With fifty-one episodes to the series, spread across eight discs in two collections here, there's a lot to talk about considering the sheer amount of material. Kiba is not the kind of series that you'd normally expect considering its origins. Produced based on a trading card game which had seen release in the US by Upper Deck, it doesn't follow the traditional shows of this kind of genre that was blazed by Pokemon. The fighting aspect is there, but it doesn't dominate each episode and it's not a tournament based show. And it's not centered around too-young kids who can live through unbelievable events. Instead, characters do die and there's a fair bit of brutality brought into it as well. Across these first twenty-six episodes, it doesn't shy away from some tough things as it presents a rather cruel world.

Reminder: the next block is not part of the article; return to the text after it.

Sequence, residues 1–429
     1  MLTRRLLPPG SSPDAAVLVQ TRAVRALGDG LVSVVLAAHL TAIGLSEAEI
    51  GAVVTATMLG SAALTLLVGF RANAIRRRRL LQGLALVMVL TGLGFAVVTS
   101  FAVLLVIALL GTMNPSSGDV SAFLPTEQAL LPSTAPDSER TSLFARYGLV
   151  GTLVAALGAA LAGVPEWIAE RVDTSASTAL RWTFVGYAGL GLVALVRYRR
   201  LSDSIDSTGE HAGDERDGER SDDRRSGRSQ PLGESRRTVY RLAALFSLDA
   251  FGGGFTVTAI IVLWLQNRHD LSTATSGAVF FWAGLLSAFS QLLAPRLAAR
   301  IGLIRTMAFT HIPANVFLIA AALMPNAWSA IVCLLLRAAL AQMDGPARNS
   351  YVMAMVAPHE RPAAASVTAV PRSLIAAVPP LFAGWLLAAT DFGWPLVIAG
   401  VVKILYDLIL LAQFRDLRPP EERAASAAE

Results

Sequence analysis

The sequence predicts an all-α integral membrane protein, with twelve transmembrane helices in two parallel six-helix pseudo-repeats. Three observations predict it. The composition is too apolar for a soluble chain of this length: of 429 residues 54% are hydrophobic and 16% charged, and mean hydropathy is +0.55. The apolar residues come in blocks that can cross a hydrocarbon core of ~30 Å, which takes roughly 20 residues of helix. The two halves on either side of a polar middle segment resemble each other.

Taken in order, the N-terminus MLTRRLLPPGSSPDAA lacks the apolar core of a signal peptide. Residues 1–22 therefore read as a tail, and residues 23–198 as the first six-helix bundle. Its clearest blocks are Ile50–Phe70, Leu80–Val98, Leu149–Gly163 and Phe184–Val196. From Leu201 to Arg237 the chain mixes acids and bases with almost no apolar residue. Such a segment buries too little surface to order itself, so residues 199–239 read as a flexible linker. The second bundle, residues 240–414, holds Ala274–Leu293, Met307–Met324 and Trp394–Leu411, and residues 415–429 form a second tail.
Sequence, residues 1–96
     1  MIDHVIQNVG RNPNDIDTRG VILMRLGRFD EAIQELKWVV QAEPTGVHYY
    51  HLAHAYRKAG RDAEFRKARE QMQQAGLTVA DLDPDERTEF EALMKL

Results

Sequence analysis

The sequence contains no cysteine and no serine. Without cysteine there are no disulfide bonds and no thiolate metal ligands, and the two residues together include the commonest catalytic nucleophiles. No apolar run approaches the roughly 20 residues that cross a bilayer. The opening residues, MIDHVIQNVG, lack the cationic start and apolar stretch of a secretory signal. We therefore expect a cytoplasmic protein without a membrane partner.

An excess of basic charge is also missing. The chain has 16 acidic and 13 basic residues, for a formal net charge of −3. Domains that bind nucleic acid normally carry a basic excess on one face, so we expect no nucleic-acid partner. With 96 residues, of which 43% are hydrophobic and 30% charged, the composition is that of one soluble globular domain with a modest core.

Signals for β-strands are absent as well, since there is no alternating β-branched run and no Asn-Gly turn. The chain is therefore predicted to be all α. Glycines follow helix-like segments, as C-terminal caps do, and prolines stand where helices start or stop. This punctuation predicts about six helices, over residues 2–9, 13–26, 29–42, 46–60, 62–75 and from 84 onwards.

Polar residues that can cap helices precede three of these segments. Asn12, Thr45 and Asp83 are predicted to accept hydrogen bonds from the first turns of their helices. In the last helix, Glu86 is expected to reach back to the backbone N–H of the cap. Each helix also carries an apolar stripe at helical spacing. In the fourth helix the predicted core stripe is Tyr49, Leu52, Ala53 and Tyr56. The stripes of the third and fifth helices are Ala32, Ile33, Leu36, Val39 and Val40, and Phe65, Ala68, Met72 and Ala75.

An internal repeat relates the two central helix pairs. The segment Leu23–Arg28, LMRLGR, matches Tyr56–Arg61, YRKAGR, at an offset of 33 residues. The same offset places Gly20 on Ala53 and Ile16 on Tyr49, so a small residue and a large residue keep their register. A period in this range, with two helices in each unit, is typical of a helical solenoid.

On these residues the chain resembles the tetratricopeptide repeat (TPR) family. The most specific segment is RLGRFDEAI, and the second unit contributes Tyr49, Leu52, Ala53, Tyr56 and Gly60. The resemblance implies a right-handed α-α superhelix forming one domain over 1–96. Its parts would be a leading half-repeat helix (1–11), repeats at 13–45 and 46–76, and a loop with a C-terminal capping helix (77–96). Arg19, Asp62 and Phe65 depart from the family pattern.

Kiba takes place mostly on one world, but it starts in another in a place called Calm where we're introduced to fifteen year old Zed and his friend Noah. Zed's a spunky troublemaker who is being roughed up by just about everyone because of the way he is with his attitude. His school is suffering to say the least and the administration is ready to expel him. If not for his friend Noah advocating for him, and the explanation of his mother being in the hospital and seemingly suffering from mental issues, he'd have been booted awhile ago. But the things he gets into just makes it worse and worse and it's all coming to a head. Things get so bad in fact that the police are after him now with guidance from the school. The reasons are somewhat hazy at first, but it turns out that Zed is actually someone that is being sought after as one of the teachers is actual a creature called a Tusker that's intent on killing him. Interestingly enough, the Tusker reference isn't touched upon again until nearly twenty-episodes later in any serious form.
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